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White Rock Pre-school provides care for healthy children and promotes health through identifying allergies and preventing contact with the allergenic substance and through preventing cross infection of viruses and bacterial infections.
Procedures for children with allergies
- When parents start their children at the setting they are asked if their child suffers from any known allergies. This is recorded on the child’s application form.
- If a child has an allergy, a risk assessment form is completed to detail the following:
- The allergen (i.e. the substance, material or living creature the child is allergic to such as nuts, eggs, bee stings, cats etc).
- The nature of the allergic reactions e.g. anaphylactic shock reaction, including rash, reddening of skin, swelling, breathing problems etc.
- What to do in case of allergic reactions, any medication used and how it is to be used (e.g. Epipen).
- Control measures – such as how the child can be prevented from contact with the allergen.
- This form is kept in the child’s personal file and a copy is displayed where staff can see it.
- Necessary training is given to staff.
- Generally, no nuts or nut products are used within the setting.
- Parents are made aware through a newsletter about any allergies so that no nut or nut products are accidentally brought in, for example to a party.
Insurance requirements for children with allergies and disabilities
- The insurance will automatically include children with any disability or allergy, but certain procedures must be strictly adhered to as set out below. For children suffering life threatening conditions, or requiring invasive treatments; written confirmation from your insurance provider must be obtained to extend the insurance.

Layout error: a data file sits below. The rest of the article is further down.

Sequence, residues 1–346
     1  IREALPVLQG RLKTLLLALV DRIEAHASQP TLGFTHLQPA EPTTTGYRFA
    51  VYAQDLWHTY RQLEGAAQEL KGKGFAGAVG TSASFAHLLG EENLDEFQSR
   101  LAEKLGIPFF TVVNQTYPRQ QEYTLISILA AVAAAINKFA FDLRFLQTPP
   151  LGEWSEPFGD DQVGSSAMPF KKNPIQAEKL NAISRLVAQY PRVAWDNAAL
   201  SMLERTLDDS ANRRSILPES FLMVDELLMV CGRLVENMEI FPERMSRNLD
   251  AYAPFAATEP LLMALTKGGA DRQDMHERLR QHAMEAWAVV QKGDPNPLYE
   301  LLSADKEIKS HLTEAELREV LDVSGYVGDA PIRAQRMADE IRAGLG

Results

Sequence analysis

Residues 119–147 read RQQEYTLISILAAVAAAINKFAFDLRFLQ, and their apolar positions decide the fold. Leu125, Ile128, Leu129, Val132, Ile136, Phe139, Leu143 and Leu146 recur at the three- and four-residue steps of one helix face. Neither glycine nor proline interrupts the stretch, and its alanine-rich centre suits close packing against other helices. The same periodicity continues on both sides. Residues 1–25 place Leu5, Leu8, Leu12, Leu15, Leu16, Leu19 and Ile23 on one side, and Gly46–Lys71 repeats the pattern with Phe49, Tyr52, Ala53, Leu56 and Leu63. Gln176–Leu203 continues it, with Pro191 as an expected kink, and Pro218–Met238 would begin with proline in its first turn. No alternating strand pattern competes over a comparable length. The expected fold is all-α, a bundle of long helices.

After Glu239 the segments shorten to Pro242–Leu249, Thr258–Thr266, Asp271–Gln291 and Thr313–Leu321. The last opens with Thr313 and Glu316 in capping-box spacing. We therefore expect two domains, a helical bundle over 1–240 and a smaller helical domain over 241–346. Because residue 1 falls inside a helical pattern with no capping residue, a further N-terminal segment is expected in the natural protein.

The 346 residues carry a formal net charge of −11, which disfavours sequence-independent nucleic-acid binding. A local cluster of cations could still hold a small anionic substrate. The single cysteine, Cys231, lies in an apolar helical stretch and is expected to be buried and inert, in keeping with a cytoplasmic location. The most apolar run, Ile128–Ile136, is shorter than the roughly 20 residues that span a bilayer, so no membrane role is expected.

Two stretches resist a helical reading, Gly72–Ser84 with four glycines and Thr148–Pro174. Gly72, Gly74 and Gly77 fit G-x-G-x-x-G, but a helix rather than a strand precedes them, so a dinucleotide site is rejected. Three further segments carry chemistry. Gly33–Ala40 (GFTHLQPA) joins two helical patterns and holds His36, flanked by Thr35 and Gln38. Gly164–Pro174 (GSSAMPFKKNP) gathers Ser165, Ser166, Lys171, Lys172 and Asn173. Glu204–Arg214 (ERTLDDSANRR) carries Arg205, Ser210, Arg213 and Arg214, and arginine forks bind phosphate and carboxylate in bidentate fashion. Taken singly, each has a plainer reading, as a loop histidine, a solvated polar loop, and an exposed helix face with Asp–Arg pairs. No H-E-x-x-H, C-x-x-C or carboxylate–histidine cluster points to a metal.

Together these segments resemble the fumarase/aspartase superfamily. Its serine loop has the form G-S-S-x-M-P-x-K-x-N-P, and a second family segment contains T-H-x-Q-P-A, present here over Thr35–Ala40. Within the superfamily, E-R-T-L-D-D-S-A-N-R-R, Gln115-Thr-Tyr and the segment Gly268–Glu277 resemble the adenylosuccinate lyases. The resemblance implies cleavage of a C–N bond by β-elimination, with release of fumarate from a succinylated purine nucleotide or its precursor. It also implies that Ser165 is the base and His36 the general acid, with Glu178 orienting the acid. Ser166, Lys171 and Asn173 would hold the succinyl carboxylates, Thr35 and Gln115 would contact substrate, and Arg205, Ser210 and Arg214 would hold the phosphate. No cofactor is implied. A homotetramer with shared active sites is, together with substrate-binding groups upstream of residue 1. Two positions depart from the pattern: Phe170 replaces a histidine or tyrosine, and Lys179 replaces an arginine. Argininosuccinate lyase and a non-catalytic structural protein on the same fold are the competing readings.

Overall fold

At all times the administration of medication must be compliant with the Safeguarding and Welfare Requirments of the Early Years Foundation Stage and follow procedures based on advice given in Managing Medication in Schools and Early Years Settings.
White Rock Pre-school will only administer medication when it would be detrimental to the child’s health and wellbeing not to have it administered in the setting. Asthma inhalers are now regarded as "oral medication".
- The setting must have the parents written consent to administer the medication
- There must be clear written instructions on the dosage
- All risk assessment procedures need to be adhered to for the correct storage and administration of the medication.